In-Depth

What Makes a Cocktail a Modern Classic?

Aperol being poured into an aperol spritz cocktail in a wine glass.
Journalist and author Robert Simonson has created an app that includes modern day classics like the Aperol Spritz, alongside notes about the creator and the drink's backstory. Photo via Flickr/Nigab Pressbilder.

One of the benefits of being a bartender is the chance to let your creativity flag fly. Experimenting with new ingredients and techniques is just as much a part of the job description as preparing drinks and helping customers. And oftentimes these very same experiments are what lead to cocktails that sweep the industry and become modern classics.

So what is it about certain cocktails that get people talking for years after they were invented? And why are some drinks timeless and become menu staples at bars around the world, while others generate buzz only to be forgotten? Some examples of drinks that have (deservingly) earned the title of modern classics are the Aperol Spritz, Gin Gin Mule, Penicillin, Whiskey Smash and even the loved and loathed (depending on who you ask) Cosmopolitan. Although these drinks may defer in taste and ingredients, they all have one thing in common: They’ve all made their way into the cocktail canon and can be found at bars in New York City, Tokyo, London, and everywhere in between and are quickly becoming people’s go-to drinks like Negronis and Gimlets.

Earlier this year, spirits and cocktail journalist and book author Robert Simonson created a mobile app that includes drinks he considers modern classics. Called Modern Classics of the Cocktail Renaissance, the curated collection of recipes includes 99 drinks invented between the 1970s and today by some of the most renowned bartenders in the world, including Audrey Saunders, Sam Ross, Don Lee and Salvatore Calabrese. And each listing includes a nod to the creator and a backstory on its history. Of the nearly 100 drinks, Simonson included 23 that meet a three-point criteria that makes them the epitome of modern classics.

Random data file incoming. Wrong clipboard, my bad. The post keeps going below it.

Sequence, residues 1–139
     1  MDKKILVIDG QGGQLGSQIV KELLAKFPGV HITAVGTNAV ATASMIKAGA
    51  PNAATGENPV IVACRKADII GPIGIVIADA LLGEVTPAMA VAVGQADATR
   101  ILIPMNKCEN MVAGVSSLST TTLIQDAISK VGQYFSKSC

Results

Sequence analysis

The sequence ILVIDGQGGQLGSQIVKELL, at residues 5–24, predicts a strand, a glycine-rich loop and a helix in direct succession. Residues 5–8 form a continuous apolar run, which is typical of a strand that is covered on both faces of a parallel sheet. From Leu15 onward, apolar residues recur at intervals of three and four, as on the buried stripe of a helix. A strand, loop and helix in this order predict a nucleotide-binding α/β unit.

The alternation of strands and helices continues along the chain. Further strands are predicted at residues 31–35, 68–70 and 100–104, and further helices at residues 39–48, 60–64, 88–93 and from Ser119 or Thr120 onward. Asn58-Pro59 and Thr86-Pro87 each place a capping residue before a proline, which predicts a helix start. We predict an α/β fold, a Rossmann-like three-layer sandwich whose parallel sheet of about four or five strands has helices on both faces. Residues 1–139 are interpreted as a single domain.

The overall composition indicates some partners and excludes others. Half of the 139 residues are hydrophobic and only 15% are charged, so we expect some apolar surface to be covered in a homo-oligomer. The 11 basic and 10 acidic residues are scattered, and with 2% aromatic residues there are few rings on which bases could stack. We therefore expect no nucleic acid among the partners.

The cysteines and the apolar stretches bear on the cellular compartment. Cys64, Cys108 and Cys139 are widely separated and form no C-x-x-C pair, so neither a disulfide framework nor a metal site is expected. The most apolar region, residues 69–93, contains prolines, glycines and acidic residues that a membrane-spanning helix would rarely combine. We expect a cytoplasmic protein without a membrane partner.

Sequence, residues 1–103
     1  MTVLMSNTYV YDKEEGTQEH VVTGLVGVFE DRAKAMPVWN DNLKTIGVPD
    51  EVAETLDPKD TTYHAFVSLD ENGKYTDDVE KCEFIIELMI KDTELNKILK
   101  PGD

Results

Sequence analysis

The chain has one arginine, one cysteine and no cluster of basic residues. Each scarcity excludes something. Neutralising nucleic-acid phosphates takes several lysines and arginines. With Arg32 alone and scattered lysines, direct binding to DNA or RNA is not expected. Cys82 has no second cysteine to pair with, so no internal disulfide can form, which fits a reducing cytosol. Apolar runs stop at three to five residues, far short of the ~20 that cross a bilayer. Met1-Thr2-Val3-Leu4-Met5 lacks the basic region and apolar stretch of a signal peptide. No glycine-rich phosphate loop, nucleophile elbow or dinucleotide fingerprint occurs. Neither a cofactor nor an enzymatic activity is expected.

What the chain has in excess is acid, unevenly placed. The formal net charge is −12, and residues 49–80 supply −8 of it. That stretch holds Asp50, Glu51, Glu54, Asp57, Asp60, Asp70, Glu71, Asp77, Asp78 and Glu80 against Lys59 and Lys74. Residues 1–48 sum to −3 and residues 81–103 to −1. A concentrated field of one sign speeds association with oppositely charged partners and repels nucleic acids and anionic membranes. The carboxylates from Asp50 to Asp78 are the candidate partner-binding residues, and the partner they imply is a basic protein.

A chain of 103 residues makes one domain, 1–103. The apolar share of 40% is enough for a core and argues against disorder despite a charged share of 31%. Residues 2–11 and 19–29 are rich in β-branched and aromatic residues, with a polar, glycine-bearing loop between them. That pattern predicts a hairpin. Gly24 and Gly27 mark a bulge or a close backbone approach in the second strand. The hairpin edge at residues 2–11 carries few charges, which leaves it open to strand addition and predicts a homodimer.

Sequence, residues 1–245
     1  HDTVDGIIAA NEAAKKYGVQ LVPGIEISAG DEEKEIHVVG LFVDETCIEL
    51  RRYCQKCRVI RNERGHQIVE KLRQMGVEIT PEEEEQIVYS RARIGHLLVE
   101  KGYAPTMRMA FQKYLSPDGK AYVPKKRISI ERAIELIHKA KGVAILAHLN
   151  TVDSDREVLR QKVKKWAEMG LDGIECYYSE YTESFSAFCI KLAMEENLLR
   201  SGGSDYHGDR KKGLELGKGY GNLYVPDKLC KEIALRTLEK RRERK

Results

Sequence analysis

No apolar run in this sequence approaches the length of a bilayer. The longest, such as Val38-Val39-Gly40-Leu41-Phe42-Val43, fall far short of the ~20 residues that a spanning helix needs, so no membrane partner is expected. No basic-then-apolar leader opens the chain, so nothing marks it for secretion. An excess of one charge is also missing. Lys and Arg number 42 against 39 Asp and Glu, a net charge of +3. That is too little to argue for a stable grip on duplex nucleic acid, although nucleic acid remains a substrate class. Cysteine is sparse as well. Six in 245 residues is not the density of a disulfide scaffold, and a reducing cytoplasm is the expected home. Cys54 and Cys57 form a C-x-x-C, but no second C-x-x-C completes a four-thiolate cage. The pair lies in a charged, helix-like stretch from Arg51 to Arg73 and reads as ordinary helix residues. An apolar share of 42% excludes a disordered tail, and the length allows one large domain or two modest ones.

“[To qualify], each drink must have traveled beyond the bar where it was invented; it must be popular with the public, so much so that they ask for it by name; and it must be regarded in high esteem by the bartending community,” Simonson says.

One drink in particular that fits the bill is the Penicillin, a cocktail created in 2005 by Sam Ross of Milk & Honey in New York City, that includes blended Scotch whiskey, Laphroaig 10-year Single Malt Scotch, honey-ginger syrup and lemon juice. Although Milk & Honey shuddered years ago, the Penicillin still pops up on bar menus around the world. And even if it’s not listed, any bartender worth his or her cocktail shaker should know how to make one.

“The Penicillin is a damn good cocktail,” says Simonson, who wrote about the drink last year for its 10th anniversary.